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By this stage, the Team was utilizing every means at its disposal to win the parish over to liturgical and architectural innovation, in that order. As the Green Letter indicated, one primary mechanism for sowing these seeds of “change” was the weekly Parish Bulletin. Each Sunday the Bulletin featured notes on liturgy or church architecture clearly intended to create the impression that St. Joseph’s lacked the necessary “visible”, “acoustical”, “audible”, “personal”, “practical” and “spacial” re­quirements for modern worship.

Newchurch pseudo-intellectual babble, the religious equiv­alent of Orwellian Newspeak, never fails to send a shiver up a Catholic spine. Its deliberate ambiguity and duplicity, woven through with outrageous liberal assumptions, inflicts an exas­perating spiritual torment upon the orthodox listener/reader. In particular, the cliche — “the idiom of mindless power” __  has found its niche in the language of the new church.

Consider these gems from the Team’s propaganda exercise: SPACE IS THE SYMBOL OF GOD.- The plea, “I want a church building to look like a church” is not to be dismissed … yet [emphasis added] the Christian faith which derives from the Incarnation must become incarnate in each person, in each generation. As the Christian faith becomes manifest in flesh and blood so it must become manifest in stone, concrete, glass and steel;

LITURGICAL LIFE: The planning of a church cannot be conceived by relying on historic solutions which were justi­fied by older forms of the liturgy … The liturgical reform highlights the truth, forgotten before the modern liturgical reform, that it is not only the clerics but the whole assem­bly which celebrates the liturgy. This assembly constitutes a local Church, a Christian community.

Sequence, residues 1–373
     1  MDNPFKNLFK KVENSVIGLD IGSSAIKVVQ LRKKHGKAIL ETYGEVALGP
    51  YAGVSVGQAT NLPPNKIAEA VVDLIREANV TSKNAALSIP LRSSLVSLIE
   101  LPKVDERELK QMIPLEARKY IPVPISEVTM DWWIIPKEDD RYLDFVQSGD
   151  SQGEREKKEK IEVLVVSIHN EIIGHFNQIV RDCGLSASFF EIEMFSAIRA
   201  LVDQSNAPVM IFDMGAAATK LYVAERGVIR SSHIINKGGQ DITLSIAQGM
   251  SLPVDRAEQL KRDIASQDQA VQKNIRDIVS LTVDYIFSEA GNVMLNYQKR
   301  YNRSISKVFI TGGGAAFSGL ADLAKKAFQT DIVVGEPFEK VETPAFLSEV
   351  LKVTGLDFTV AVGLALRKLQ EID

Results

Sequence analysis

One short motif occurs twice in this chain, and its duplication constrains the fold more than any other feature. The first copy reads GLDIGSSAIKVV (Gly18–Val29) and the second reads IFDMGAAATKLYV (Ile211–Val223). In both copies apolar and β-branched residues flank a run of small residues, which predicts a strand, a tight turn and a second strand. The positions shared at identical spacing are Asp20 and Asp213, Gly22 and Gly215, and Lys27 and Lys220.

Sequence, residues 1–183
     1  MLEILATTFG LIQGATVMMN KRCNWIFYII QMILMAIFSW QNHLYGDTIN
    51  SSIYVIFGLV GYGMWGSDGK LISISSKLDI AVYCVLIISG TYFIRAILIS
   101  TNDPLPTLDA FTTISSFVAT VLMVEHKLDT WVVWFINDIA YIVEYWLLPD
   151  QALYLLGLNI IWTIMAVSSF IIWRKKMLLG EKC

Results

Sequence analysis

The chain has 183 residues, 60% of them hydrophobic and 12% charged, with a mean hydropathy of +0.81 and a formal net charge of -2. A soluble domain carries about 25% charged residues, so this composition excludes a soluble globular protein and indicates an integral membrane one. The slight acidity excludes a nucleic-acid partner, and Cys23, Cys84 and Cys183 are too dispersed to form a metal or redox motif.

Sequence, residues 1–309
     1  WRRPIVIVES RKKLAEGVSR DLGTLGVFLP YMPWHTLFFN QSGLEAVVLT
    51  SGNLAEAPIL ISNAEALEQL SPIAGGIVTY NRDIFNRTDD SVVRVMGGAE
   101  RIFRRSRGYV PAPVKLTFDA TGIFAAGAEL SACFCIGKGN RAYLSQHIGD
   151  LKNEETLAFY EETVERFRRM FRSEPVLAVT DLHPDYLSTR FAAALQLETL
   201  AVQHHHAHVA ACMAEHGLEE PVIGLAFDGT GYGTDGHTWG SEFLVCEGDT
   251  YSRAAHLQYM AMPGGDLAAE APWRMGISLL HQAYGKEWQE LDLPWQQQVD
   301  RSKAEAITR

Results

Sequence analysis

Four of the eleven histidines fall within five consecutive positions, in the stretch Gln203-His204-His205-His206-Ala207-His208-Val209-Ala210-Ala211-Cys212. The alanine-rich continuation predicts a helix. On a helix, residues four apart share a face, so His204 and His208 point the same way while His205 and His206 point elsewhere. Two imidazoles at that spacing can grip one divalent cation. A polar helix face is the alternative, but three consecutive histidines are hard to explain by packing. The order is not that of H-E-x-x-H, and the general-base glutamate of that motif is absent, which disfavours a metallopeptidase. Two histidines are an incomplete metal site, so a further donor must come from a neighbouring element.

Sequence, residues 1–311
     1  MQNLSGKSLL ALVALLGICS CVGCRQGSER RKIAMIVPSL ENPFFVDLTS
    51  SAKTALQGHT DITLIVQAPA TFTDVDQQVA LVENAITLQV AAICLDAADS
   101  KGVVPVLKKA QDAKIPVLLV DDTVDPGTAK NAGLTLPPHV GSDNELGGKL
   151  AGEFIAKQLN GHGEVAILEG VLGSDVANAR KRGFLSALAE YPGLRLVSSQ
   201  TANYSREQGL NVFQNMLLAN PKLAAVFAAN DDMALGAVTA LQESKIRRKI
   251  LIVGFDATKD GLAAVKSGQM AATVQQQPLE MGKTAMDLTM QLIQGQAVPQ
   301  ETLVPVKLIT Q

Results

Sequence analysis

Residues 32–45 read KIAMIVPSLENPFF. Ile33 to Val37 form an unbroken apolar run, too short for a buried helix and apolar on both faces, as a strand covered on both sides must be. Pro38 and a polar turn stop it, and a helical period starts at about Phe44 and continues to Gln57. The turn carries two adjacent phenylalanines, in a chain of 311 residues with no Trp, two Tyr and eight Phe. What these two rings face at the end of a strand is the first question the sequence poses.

One of the Team’s favourite documents was a booklet called Environment and Art in Catholic Worship and snippets from this publication were regularly quoted as if it was the official and last word on church design. Needless to say, parishioners were not informed that it was issued in 1978 by the American Bishop’s Committee on the Liturgy and that ideas presented in the booklet have no official standing in the Church whatsoever, being no more than radical presumptions based on the “new ecclesiology” with its stress on the human and sociological areas of religion and worship.

Also unbeknown to parishioners was the vital fact that, on the basis of ideas contained in this booklet, the same U.S. Liturgy Committee commissioned two architects, Gabe Huck and Bill Brown, to draw up a liturgical audit as part of the American Renovation Kit for Places of Catholic Worship.’ Ap­plying the audit, American architects had flunked churches on such alleged requirements as:

  • “Quality of HOSPITALITY space to introduce, to sit together, to see one another and to meet spontaneously”;
  • “Integration of contemporary arts … ” -)
  • “The church building as an image of who we are and who we are trying to be as a Christian. community”;

“The space serves the broader needs of the community”;

  • “Pews and chairs maximise the feeling of community and involvement, facilitate clear view of all ministers . . . “;
  • “There is proper space for musical instruments, micro­phones and equipment during the liturgy”;………………………………….
  • “There is provision for the use of audiovisuals without dis­rupting the ritual action”.
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